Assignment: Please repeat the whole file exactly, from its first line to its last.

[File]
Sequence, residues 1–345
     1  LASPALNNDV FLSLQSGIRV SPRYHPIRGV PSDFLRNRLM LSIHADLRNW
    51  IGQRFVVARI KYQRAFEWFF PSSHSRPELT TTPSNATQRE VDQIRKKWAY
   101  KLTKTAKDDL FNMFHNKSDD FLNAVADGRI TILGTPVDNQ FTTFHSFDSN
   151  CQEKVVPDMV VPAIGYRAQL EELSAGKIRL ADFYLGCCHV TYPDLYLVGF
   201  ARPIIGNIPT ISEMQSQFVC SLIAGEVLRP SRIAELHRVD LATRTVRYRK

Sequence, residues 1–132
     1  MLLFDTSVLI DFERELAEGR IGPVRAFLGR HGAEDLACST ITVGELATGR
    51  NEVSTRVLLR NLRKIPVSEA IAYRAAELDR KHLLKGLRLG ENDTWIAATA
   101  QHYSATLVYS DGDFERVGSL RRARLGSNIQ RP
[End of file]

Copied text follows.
Sequence, residues 1–345
     1  LASPALNNDV FLSLQSGIRV SPRYHPIRGV PSDFLRNRLM LSIHADLRNW
    51  IGQRFVVARI KYQRAFEWFF PSSHSRPELT TTPSNATQRE VDQIRKKWAY
   101  KLTKTAKDDL FNMFHNKSDD FLNAVADGRI TILGTPVDNQ FTTFHSFDSN
   151  CQEKVVPDMV VPAIGYRAQL EELSAGKIRL ADFYLGCCHV TYPDLYLVGF
   201  ARPIIGNIPT ISEMQSQFVC SLIAGEVLRP SRIAELHRVD LATRTVRYRK

Sequence, residues 1–132
     1  MLLFDTSVLI DFERELAEGR IGPVRAFLGR HGAEDLACST ITVGELATGR
    51  NEVSTRVLLR NLRKIPVSEA IAYRAAELDR KHLLKGLRLG ENDTWIAATA
   101  QHYSATLVYS DGDFERVGSL RRARLGSNIQ RP